Conservation

The Anti-Poaching Powder

Researchers develop a technique that can trace castoff feathers and eggs back to poachers.

In the past, poachers have all too frequently avoided paying for their crimes, but not anymore. Researchers from Scotland’s University of Abertay have developed a one-of-a-kind technique for tracing even the vaguest fingerprints on eggs and, more intriguingly, feathers. This could up the stakes for bird poachers, and help investigators identify offenders by gleaning DNA from fingerprints.

“With fingerprinting, all we’re trying to achieve is getting a contrast,” says Dennis Gentles, an author on the paper, which appeared in the journal Science and Justice. Gentles once served as a police officer specializing in fingerprinting. With that experience, he’s able to cast an expert eye over a crime scene, whether it be human or avian.

Gentles’s technique usually relies on magnetic powder, a substance commonly used in crime scenes because it can be applied without tainting the evidence. Instead of dusting an item with a brush, which could smudge incriminating patterns, a magnetic rod is moved over the powder to reveal a print. On smooth surfaces such as eggs, the black powder provides the necessary contrast to expose human contact.

A magnetic powder is used to trace fingerprints of the smooth surfaces of bird eggs. Helen McMorris/Abertay University

Feathers, with their fragile, jagged surfaces, present a different challenge, which is where the new technology comes in. Instead of working with regular magnetic powder, the researchers chose powder with particles that fluoresce under specific wavelengths of laser light.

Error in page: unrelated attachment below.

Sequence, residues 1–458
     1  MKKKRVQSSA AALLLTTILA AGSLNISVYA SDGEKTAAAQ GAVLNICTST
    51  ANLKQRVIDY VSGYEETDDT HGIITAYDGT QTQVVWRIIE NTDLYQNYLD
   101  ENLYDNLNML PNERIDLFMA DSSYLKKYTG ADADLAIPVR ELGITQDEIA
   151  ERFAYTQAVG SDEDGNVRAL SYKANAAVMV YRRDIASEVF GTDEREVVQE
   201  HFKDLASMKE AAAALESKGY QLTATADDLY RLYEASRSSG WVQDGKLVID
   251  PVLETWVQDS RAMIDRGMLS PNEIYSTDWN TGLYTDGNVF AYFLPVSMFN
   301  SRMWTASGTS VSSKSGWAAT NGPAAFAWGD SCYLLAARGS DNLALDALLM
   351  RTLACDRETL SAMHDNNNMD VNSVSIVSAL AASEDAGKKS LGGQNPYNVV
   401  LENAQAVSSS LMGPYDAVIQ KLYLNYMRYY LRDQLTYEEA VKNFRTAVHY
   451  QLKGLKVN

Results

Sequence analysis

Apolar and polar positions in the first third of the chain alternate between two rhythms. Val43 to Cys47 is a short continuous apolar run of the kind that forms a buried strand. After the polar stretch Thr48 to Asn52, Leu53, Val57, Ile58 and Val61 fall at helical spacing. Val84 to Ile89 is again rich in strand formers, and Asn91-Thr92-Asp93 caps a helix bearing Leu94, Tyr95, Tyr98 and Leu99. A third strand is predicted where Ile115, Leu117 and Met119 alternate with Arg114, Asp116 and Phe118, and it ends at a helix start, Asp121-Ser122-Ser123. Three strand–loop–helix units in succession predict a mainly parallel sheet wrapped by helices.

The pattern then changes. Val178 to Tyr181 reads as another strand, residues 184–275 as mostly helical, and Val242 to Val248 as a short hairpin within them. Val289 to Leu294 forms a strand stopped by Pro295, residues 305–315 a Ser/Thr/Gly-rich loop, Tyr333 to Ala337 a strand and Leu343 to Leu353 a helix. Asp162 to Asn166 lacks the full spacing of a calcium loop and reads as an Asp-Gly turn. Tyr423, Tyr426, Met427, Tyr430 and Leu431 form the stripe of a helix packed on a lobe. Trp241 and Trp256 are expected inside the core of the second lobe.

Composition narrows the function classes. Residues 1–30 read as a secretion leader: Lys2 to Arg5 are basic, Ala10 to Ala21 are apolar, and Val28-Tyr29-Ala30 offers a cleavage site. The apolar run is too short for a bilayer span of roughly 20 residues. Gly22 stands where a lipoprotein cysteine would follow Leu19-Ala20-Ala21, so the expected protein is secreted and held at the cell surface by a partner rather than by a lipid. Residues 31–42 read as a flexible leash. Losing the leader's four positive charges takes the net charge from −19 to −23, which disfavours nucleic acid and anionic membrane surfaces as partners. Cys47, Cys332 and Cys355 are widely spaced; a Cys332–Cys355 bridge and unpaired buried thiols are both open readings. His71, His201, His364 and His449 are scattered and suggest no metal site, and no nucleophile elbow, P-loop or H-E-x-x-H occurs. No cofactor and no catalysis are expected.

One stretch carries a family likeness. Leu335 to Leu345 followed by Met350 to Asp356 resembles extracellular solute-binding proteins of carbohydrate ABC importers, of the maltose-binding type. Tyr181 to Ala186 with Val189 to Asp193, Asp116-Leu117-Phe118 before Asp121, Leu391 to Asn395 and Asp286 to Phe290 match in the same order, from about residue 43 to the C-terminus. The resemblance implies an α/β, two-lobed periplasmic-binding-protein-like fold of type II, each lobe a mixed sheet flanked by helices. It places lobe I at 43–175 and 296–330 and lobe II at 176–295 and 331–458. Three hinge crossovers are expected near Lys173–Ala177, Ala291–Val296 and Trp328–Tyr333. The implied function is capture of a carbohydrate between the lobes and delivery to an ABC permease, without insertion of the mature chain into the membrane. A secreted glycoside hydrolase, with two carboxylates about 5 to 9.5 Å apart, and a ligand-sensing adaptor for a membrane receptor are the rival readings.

To test the improved powder, Gentles and the researchers first used it on fabric. The tighter the weave, they noticed, the better the fabric was at holding the powder and displaying prints. Next they tried it on the tail feathers of sparrowhawks, buzzards, kestrels, Golden Eagles, White-tailed Eagles, and Red Kites. They found that birds’ feathers work in the same way, because the barbs and barbules create a structure akin to woven fabric. “The weave is almost like a zipper: It actually locks it all together,” Gentles says. “Even if you don’t get an identifiable fingermark, you might get an outline of a finger.”

In a country where protected Golden Eagles and Hen Harriers are frequently poached (750 protected birds have been taken during the past 10 years in Scotland alone), the technique gives wildlife investigators some reinforcement. The technology is new to the field, but Gentles says he hopes it’s compelling enough that investigators will adopt it. The United Kingdom’s Royal Society for the Protection of Birds has already applauded the research.

So poachers be warned: Even your faintest of prints will leave damning clues. Perhaps it’s just best to reconsider and keep your paws off.

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